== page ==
World’s richest 85 people are as wealthy as half the world’s population combined: The gap grows in Australia

The world’s richest 85 people have wealth equal to that of half the world’s population.

According to Oxfam, which relies on World Economic Forum statistics released in November, this global elite is worth $US110 trillion, which is equal to the wealth of the poorer half of the world’s population. And the wealth of the richest 1% of the world’s population is 65 times the wealth of the bottom half of the world’s population.

Oxfam’s study is addressed to the delegates at the World Economic Forum, taking place at Davos in Switzerland this week.

“Oxfam is concerned that, left unchecked, the effects are potentially immutable, and will lead to ‘opportunity capture’ – in which the lowest tax rates, the best education, and the best healthcare are claimed by the children of the rich. This creates dynamic and mutually reinforcing cycles of advantage that are transmitted across generations,” the charity writes.

“This massive concentration of economic resources in the hands of fewer people presents a significant threat to inclusive political and economic systems. Instead of moving forward together, people are increasingly separated by economic and political power, inevitably heightening social tensions and increasing the risk of societal breakdown.”

Oxfam calls on the delegates to Davos to pledge not to dodge taxes in their own country or the countries they invest in, to not use their economic wealth to seek political favours that undermine the democratic will of their fellow citizens, to be transparent about their investments and to support social protection and a progressive taxation system.

According to the study, Australia saw the second-largest largest percentage increase in the income share of the richest 1% of the population between 1980 and 2012, behind only the United States over that period. In 2012, 10% of Australia’s wealth went to the richest 1%, which is double what it was in 1980. In the United States, the most unequal society studied, nearly 20% of the country’s wealth went to the richest 1% – in 1980 it was just 10%.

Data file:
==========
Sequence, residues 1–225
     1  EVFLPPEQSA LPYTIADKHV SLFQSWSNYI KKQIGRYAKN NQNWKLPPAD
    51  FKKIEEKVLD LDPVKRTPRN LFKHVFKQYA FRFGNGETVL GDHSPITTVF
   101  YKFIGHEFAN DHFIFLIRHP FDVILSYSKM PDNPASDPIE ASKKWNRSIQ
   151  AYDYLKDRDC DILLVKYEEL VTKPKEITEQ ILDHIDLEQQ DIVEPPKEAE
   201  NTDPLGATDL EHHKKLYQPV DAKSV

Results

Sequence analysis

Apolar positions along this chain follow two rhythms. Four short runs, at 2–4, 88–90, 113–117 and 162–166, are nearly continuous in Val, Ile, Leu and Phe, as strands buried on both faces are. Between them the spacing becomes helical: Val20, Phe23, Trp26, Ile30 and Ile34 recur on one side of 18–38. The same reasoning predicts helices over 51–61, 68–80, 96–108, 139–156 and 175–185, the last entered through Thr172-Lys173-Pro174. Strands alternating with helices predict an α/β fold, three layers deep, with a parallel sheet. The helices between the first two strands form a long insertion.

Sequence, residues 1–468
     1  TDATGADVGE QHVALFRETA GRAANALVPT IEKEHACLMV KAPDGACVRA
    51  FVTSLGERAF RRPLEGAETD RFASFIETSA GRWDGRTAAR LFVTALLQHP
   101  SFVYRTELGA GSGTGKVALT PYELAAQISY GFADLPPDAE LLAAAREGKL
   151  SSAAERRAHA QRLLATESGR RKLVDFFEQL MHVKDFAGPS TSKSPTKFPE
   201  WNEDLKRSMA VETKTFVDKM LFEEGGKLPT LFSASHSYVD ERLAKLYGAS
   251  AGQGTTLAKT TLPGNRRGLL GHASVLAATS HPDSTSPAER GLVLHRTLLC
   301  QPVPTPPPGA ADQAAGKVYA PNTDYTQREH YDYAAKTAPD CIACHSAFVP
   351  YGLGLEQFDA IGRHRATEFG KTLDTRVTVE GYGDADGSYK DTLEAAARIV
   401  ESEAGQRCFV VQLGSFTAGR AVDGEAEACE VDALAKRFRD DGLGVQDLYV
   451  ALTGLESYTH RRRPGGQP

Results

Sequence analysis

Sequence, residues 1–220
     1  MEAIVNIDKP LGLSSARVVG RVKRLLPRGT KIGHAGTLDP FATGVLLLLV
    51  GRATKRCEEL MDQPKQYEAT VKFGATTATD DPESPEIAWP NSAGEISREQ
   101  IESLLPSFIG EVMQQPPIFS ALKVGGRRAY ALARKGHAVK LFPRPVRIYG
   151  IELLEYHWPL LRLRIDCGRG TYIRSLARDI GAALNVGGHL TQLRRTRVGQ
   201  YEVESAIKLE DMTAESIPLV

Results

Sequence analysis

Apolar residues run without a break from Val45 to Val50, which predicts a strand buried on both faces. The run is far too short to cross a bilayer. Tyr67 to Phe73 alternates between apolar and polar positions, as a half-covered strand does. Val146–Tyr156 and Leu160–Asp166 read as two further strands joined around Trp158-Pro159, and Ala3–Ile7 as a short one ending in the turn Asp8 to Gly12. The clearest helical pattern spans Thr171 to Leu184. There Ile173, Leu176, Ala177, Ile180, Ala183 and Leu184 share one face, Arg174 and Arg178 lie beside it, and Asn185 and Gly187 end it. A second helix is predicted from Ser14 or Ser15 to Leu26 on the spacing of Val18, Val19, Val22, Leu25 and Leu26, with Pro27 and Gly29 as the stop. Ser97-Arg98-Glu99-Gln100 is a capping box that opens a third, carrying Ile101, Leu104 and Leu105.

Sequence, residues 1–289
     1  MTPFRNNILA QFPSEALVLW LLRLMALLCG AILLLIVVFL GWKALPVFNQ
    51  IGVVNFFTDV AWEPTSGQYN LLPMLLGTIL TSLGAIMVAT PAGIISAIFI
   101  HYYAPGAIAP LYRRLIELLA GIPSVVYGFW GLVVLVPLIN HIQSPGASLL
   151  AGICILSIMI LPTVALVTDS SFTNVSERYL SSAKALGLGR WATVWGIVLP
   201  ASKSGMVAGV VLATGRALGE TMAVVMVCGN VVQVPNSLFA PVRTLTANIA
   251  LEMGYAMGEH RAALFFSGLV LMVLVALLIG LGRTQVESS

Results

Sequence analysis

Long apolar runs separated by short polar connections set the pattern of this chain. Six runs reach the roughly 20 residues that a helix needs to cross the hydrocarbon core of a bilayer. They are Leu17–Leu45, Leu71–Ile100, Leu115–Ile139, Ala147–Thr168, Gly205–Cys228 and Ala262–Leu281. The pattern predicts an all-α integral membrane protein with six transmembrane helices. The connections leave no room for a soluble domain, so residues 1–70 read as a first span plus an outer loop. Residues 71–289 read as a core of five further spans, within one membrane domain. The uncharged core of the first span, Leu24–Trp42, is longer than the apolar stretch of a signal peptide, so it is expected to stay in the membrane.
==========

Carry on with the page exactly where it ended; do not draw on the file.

Economist Richard Denniss, executive director of left-wing think tank The Australia Institute, says the numbers are “as alarming as can be”.

“As is the fact that no one expects anything to change. It shows how effective the rich are at changing the rules to benefit themselves.”

Sadly, Denniss says, wealth inequality in Australia mirrors the global trends, with the gap between the rich and the very poor significantly widening over recent decades.

“The easiest evidence is to look at Australia’s richest person, Gina Rinehart. She’s far richer today relative to the average than the richest person in 1980. And she’s far, far richer than the second-richest person in the country.”

Oxfam’s study also surveyed residents in six countries about whether they perceived laws and regulations to be regularly designed to benefit the rich. A majority of respondents agreed with the statement.

The study did not survey Australians, but Denniss says he believes the trends would be replicated here.

“For example, we’ve just removed the mining tax which would have been paid by foreign countries and Australia’s richest people, and aimed to spread the benefits of the mining boom more fairly.”

“It’s a bad thing, for democracy, for any group to have far more influence than their numbers entitle them to.”

Denniss says that if Australia’s richest people are committed to equality and opportunity for all, they shouldn’t focus on philanthropy, but should instead support a fairer taxation system, and be supportive of increases to the minimum wage and other aspects of the social safety net.

Oxfam is more optimistic than Denniss. In its closing summary, the charity says the trend can be reversed, as it has been in the past.

“The US and Europe in the three decades after World War II reduced inequality while growing prosperous. Latin America has significantly reduced inequality in the last decade – through more progressive taxation, public services, social protection and decent work. Central to this progress has been popular politics that represent the majority, instead of being captured by a tiny minority. This has benefited all, both rich and poor.”

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